I have put a lot of effort in my life trying to control what happens to me, and that I have choices and options for dealing with events that may occur. I wanted and got an education, I lived within my means, and did pretty much what I needed to do to be in control and to minimize being controlled by outside forces.
With the recent turn of events that you are all aware of, it has been a reminder that I am not in control as much as I would like to think.
A few months ago I read a book called The Biggest Bluff, by Maria Konnikova. It was a very interesting read, and with the events of the past few weeks, it has taken on greater meaning to me.
The author is a psychologist that studies people’s perception of how much control they have over situations. How do people respond when placed in uncertain situations, with incomplete information?
She found that over and over, people would overestimate the degree of control or skill (I’m going to use those words interchangeably) they have over events. Basically, we humans too often think ourselves in firm control when we are actually really playing by the rules of chance.
As part of her studies she came across John von Neumann’s Theory of Games and Economic Behavior. He was not a fan of games of chance except for poker, particularly no limit Texas Hold ‘em.
Quoting from the book, “For poker, unlike quite any other game, mirrors life. It isn’t the roulette wheel of pure chance, nor is it the chess of mathematical elegance and perfect information. Like the world we inhabit, it consists of an inextricable joining of the two. Poker stands at the fulcrum that balances two oppositional forces in our lives – chance and control. Anyone can get lucky – or unlucky – at a single hand, a single game, a single tournament. One turn and you’re on top of the world – another, you are cast out, no matter your skill, training, preparation, aptitude.
Poker has a mathematical foundation, but with a dose of human intention, interaction, psychology – nuance, deception, little tricks that don’t quite reflect reality but help you gain an edge over others. Humans aren’t rational. Information isn’t open to all. There are no rules of behavior, only norms and suggestions – and within certain broad constraints, anyone might break those norms at any point. Real life is based on making the best decisions you can from information that can never be complete; you never know someone else’s mind, just like you can never know any poker hand but your own. Real life is not about modeling the mathematically optimal decisions. It’s about discerning the hidden, the uniquely human. It’s about realizing that no amount of formal modeling will ever be able to capture the vagaries and surprises of human nature.”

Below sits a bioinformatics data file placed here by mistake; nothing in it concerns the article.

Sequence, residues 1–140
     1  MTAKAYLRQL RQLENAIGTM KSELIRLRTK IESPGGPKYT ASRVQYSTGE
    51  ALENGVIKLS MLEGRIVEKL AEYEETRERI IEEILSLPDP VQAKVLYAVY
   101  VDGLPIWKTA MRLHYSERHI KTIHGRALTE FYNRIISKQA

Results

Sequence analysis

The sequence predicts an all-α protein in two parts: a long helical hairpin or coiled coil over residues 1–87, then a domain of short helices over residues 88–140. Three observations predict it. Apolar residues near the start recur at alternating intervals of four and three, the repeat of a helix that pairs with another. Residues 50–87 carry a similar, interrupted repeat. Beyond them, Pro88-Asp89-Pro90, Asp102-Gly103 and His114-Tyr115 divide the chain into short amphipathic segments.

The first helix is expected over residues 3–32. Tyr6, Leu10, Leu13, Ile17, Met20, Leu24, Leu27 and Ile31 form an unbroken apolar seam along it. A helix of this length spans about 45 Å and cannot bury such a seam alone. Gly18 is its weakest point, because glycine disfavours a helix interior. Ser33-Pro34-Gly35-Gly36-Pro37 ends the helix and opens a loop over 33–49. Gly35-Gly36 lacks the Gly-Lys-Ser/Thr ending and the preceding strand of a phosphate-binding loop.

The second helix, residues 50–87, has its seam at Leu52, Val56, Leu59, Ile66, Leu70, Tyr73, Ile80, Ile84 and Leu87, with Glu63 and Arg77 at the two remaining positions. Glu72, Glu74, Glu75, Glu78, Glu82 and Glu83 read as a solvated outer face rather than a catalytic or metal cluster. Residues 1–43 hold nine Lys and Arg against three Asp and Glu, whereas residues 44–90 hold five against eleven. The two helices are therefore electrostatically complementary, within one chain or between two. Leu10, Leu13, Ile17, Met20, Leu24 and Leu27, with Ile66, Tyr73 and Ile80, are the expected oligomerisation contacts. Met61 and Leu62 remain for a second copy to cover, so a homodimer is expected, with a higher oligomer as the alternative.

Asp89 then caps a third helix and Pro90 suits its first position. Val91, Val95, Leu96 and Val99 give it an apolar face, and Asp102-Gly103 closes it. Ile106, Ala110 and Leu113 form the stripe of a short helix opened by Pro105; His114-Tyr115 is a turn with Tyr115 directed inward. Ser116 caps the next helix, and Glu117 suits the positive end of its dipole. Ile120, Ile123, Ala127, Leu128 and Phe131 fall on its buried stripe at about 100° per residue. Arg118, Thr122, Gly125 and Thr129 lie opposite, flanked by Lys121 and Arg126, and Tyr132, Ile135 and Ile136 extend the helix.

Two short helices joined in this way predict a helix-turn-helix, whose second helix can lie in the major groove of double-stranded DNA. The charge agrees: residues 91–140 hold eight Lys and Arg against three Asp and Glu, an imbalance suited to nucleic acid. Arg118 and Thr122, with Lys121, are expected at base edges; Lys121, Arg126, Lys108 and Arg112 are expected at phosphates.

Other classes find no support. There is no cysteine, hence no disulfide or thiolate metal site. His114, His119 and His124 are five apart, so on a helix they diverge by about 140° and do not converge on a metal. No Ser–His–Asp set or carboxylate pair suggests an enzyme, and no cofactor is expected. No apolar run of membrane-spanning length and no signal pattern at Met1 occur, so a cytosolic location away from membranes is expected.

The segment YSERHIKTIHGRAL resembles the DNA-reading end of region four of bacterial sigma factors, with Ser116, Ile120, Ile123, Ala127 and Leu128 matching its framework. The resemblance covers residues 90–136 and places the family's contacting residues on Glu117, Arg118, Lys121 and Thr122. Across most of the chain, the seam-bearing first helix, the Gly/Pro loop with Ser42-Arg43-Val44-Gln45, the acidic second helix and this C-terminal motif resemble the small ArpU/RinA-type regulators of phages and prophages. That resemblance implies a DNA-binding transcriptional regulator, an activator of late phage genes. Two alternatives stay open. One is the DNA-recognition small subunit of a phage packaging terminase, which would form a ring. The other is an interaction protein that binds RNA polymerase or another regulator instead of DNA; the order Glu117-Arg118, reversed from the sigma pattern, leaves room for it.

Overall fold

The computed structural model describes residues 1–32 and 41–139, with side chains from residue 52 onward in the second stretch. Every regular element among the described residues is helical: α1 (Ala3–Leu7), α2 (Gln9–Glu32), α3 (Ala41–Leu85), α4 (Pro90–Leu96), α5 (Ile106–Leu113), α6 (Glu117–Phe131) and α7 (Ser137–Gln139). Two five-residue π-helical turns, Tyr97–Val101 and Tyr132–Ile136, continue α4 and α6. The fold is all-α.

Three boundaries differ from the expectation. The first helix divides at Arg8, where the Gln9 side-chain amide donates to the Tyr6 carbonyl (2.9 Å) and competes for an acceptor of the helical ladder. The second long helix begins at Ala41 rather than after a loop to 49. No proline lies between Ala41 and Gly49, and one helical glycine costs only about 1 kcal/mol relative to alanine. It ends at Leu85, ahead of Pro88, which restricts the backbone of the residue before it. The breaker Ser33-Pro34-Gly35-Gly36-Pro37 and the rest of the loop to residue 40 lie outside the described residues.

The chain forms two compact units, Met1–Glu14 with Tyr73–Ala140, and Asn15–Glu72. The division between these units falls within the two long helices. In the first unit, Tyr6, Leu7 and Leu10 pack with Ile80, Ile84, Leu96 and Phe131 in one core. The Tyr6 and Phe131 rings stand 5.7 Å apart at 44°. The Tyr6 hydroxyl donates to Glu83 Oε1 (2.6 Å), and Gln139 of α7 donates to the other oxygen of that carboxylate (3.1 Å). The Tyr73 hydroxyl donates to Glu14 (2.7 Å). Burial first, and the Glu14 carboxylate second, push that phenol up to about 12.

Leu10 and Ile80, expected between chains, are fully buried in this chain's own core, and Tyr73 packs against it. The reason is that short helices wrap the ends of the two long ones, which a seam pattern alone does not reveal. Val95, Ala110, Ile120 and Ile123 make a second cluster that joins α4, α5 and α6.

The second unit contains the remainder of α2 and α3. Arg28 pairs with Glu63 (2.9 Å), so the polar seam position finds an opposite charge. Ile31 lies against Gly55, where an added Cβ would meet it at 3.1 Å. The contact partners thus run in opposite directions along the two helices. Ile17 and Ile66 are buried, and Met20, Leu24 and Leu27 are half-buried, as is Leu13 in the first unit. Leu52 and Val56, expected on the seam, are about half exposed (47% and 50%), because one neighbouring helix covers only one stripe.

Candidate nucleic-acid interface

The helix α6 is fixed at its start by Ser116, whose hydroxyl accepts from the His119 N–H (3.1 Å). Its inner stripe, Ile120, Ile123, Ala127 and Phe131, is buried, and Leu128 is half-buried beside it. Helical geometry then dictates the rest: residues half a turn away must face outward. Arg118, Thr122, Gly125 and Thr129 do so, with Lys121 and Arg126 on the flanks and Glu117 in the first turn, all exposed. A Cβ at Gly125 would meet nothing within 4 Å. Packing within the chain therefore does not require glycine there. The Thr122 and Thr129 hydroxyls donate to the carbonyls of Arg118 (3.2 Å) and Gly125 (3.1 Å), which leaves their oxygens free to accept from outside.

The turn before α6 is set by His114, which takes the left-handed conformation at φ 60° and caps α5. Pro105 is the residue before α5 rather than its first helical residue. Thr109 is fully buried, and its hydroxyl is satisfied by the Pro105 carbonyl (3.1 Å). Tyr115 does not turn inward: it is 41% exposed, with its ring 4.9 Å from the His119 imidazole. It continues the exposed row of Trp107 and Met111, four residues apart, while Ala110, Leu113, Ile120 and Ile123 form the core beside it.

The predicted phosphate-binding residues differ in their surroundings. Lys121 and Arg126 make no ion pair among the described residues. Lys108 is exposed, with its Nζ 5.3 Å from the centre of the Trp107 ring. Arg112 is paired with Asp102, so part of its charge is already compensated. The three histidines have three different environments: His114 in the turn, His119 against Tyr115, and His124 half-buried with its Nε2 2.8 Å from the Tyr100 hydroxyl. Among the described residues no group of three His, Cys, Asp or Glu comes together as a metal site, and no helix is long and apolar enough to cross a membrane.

Texas Hold ‘em creates a particularly useful balance between skill and chance. Two hole cards is just about as practical a ratio as you can have; enough unknown to make the game a good simulation of life, but not so much that it becomes a total crapshoot. Also, the ability to go ‘all in’ is what makes the game a particularly strong metaphor for our daily decision making. Because in life, there is never a limit: there is no external restriction to betting everything you have on any given decision. What’s to stop you from risking all your money, your reputation, your heart, even your life at any point you choose? Nothing. There are no rules, only some internal calculus that only you are privy to. Any everyone around you has to know that when they make their decisions; knowing you can go all in, how much should they themselves invest?
It’s an endless game of brinkmanship. Who will say ‘I love you’ first, going all in on the relationship, and if you say it, will you be left out? Who will walk away from the business negotiation? Who will wage war? The ability to go all in is the crucial variable that makes so many decisions so very difficult
So, to better understand this pull between skill or control versus luck, the author decided to learn to play poker with the goal of being in the WSOP within one year. It is a very interesting read on her journey, her interviews and coaching from some of the top poker players in the world, and what she learned about herself.